In the 1930's, other particles, the muons, were discovered in the cosmic rays. Muons are very much like the electrons, but two hundred times more massive.
In the 1950's, following the predictions of Wolfgang Pauli, neutrinos were discovered : they are very light particles - if they really have a mass, and very weakly interacting with the matter.
In 1968, thanks to the linear accelerator, we noticed that neutrons and protons were in fact made of more elementary "bricks", which were called quarks. Two types were discovered : the u quark (u for up) and the d quark (d for down).
By increasing the energy of the accelerators, thus the mass of
the particles within reach, four other types of quark were discovered : the
c type(charmed), the s type (strange), the t type (top)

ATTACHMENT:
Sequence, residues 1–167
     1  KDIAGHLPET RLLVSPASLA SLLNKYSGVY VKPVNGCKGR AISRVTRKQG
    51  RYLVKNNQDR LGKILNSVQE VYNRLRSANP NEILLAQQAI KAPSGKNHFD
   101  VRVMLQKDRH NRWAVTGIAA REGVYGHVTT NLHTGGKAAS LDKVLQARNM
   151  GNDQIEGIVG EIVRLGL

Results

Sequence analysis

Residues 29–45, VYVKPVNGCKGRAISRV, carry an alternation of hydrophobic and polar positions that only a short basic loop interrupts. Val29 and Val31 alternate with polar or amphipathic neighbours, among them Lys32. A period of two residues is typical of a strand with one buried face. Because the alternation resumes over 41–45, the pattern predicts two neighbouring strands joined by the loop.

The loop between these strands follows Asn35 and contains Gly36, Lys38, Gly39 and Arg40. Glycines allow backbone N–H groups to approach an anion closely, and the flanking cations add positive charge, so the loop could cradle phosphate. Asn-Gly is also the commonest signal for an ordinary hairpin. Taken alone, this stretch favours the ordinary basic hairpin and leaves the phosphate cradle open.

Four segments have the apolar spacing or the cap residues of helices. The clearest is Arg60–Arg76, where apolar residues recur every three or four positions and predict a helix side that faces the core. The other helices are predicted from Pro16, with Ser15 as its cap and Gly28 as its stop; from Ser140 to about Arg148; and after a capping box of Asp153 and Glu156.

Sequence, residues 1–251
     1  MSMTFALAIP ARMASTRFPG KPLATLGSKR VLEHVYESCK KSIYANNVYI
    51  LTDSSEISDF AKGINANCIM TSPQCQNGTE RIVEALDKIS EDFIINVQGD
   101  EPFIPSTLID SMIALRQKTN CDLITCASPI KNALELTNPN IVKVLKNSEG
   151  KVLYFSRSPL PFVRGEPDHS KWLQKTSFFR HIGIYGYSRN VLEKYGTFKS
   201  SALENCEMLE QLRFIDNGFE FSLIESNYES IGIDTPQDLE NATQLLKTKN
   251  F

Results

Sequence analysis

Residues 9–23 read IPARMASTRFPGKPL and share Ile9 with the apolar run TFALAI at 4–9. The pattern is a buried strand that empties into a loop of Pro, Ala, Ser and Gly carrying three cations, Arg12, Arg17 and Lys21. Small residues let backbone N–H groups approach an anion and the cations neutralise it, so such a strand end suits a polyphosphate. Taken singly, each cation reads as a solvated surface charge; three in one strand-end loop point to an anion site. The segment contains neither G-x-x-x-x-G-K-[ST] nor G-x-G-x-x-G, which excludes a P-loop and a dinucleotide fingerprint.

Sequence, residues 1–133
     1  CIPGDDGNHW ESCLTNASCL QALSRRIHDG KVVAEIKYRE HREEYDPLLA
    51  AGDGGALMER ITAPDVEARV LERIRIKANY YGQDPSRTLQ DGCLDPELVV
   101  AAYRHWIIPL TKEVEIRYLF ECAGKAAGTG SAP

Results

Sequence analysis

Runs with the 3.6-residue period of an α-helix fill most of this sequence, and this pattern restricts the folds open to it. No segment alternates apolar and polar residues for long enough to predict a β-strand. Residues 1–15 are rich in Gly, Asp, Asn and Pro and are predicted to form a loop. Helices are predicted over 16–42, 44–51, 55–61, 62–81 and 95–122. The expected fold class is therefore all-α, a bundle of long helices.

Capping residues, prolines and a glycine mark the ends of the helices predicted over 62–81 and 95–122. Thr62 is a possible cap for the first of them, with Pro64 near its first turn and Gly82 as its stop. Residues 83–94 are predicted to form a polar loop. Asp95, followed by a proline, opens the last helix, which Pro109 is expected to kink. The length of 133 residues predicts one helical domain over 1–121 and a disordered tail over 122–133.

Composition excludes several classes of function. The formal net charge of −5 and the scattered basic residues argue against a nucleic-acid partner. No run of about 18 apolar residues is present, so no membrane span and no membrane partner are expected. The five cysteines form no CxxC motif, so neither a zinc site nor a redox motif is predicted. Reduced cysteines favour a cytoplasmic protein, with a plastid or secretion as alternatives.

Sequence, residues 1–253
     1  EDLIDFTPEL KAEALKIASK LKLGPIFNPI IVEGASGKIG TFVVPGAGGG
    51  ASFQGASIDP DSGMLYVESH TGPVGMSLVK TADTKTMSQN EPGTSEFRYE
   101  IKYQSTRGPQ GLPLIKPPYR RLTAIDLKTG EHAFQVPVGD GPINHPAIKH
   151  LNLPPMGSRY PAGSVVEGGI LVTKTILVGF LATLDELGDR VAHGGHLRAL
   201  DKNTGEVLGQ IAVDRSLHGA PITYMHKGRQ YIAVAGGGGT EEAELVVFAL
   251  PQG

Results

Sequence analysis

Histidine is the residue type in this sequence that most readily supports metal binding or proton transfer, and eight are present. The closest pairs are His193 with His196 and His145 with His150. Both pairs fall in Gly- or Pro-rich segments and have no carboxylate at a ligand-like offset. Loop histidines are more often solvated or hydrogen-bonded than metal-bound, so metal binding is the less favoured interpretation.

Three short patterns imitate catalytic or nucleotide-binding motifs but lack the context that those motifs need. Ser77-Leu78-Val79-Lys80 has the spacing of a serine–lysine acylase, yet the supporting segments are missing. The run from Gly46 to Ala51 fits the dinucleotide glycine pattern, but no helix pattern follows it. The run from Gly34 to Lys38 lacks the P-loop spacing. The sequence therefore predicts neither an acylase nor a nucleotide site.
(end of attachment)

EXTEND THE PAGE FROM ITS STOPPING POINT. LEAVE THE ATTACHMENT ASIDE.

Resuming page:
and the b type (bottom). Notice that the name given to these particles
has absolutely no physical meaning.
Each of these quarks appears in three varieties, named red, green and blue, corresponding to a particular load of the strong nuclear interaction. One more time, the names have no report with the usual colors, they are only a convenient way to call them.
From all these discovery, we can draw a diagram. Particles are organized in three groups, called families.
|Fermions : parts of the matter|
|1st family||2nd family||3rd family||E||F||C|
|quark u||5||quark c||1300||quark t||174.000||2/3||½|
|quark d||10||quark s||200||quark b||4300||-1/3||-½|
Compared diagram of the families of elementary particles.
Beside each particle, its mass is writen in Mev/c².
The column 'E' indicates the electromagnetic charge of the particle,
the column 'W' its weak charge,
the column 'S' its color charge (strong interaction)